In 2017, things feel a bit less one dimensional. Over the course of my Miss USA 2017 weekend, I realized that the atmosphere of the pageant was more supportive than anything else — everyone from the stylists, to the assistants, to the families, to the participants themselves were nothing but supportive and in good spirits, from what I observed. Yes, all of the contestants were adhering to those classic beauty queen standards, but the conversations I had were positive. Backstage before the preliminaries, I spoke with Arturo Gray, a CHI stylist who's done hair for the competition for the past decade. Gray says he's seen a marked difference since ownership changed hands.
"A little thing that I think it totally different is that before, the preliminary judges were a whole different set of people than the live judges," Gray tells me. "Now, some of [the preliminary judges] are also live judges, and they also have interviews where they really sit down and talk to them. They're not judging based on what they see from across the stage, they get a chance to really connect and feel these girls and see who they are."
The idea of seeing the contestants as individuals was something that came up over and over again throughout the weekend. During a luncheon meet-and-greet, Miss USA 2016, Deshauna Barber, and Miss Universe 2016 Iris Mittenaere both touched on the fact they want people to focus on the work they do, not just their title or appearance. The night of the competition, family members and friends near me in the audience were singing the praises of the contestant they came to support — not of her beauty, or the way she looked in a bikini, but how hard she worked and how wonderful of a person she was.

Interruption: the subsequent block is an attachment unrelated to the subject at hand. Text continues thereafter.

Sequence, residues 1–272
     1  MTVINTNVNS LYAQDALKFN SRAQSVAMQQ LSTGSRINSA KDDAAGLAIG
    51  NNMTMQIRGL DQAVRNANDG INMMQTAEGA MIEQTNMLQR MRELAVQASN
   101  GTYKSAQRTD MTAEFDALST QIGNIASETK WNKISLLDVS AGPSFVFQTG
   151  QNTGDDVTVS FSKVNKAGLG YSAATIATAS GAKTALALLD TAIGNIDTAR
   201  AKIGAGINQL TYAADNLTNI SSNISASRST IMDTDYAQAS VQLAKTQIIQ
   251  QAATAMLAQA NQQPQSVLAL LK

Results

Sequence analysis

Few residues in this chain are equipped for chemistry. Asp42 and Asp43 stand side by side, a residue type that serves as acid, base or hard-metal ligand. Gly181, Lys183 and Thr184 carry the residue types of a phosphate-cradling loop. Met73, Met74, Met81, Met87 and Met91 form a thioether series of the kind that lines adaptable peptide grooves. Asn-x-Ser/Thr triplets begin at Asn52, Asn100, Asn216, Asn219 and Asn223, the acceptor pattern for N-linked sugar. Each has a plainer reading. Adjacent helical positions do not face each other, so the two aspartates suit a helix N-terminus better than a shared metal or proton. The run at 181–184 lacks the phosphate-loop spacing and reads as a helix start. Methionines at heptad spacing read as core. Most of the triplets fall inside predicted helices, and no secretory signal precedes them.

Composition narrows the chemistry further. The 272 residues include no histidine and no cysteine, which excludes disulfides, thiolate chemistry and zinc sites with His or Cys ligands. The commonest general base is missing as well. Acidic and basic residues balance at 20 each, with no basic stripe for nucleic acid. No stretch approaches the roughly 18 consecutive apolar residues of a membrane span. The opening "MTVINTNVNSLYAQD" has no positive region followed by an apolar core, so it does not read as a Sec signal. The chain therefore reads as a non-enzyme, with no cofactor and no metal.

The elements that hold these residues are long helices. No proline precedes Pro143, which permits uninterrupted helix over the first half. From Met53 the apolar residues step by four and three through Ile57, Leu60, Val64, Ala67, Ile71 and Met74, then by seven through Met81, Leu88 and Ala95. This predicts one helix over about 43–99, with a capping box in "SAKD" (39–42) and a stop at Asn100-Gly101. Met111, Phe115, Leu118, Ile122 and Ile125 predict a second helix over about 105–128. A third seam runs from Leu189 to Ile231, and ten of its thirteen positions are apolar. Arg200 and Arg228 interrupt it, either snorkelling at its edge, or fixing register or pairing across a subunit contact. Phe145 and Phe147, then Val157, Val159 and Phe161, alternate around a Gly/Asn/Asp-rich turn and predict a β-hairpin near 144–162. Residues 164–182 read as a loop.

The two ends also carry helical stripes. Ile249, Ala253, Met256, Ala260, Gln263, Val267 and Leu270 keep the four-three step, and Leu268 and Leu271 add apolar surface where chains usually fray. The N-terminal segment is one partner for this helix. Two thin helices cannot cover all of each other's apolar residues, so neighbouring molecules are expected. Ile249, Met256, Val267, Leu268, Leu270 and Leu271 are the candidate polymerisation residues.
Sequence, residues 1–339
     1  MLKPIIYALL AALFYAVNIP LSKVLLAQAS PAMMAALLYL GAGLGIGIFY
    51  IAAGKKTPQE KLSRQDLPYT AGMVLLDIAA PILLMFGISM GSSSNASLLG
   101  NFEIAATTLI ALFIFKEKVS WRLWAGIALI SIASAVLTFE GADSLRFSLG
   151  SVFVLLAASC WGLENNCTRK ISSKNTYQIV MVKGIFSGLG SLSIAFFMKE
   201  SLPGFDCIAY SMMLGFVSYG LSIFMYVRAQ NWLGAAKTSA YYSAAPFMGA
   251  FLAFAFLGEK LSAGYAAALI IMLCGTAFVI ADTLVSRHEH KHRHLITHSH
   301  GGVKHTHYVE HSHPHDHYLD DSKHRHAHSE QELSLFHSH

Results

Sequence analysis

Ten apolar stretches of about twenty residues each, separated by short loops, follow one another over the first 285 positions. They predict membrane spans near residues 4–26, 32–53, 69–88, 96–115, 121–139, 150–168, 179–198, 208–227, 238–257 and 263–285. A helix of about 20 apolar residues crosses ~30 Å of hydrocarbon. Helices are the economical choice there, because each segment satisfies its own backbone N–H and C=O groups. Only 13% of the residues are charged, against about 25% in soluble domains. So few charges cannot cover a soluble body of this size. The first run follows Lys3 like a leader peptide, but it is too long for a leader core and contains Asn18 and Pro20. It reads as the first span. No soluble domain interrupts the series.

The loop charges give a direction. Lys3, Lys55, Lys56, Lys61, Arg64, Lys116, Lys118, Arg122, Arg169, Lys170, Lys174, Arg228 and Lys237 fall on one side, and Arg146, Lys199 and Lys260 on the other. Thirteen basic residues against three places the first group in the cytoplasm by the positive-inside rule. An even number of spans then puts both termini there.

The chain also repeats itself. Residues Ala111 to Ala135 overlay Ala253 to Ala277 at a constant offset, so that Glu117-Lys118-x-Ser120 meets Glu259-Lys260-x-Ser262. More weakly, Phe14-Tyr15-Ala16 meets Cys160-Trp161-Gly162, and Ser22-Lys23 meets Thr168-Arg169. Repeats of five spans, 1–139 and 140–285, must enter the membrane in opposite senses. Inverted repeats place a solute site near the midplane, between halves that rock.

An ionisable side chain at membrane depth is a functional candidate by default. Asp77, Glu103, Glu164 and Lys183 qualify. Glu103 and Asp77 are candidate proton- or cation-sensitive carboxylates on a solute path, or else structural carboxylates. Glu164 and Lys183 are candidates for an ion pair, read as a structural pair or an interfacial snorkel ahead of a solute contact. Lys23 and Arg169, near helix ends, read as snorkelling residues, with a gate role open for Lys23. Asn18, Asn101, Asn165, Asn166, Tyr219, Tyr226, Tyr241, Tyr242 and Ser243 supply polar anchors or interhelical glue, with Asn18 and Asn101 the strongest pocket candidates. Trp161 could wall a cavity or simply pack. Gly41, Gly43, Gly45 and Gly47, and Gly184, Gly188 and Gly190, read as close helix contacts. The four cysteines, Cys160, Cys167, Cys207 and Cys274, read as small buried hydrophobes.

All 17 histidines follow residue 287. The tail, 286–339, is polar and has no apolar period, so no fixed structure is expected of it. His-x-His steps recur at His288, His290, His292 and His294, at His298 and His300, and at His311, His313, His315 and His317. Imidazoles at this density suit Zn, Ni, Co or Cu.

I'll admit that the atmosphere of the competition forced me to create a bit of room to consider each of the contestants as individual adult women who made a choice to participate in something that offers scholarship opportunities, the chance to participate in activism in their communities, and to earn money. If I don't respect their choice to participate, how can I ask them to respect the fact that I don't? That's what feminism means to me, after all: Supporting other women leading the lives they want to lead — not necessarily agreeing with all of their choices, but trying my best to respect them and include them in the conversation.
The nuance of modern feminism hit me even harder during the competition itself, particularly when the judges had eliminated all but three contestants: Miss District of Columbia, Miss New Jersey, and Miss Minnesota. I was moved by the fact that the majority of the top 10 were women of color, and elated that the final three consisted of a black woman, an Indian woman, and a white woman — particularly because the subsequent crowning of Miss DC would mark the first time in history that a black woman won the competition two years in a row.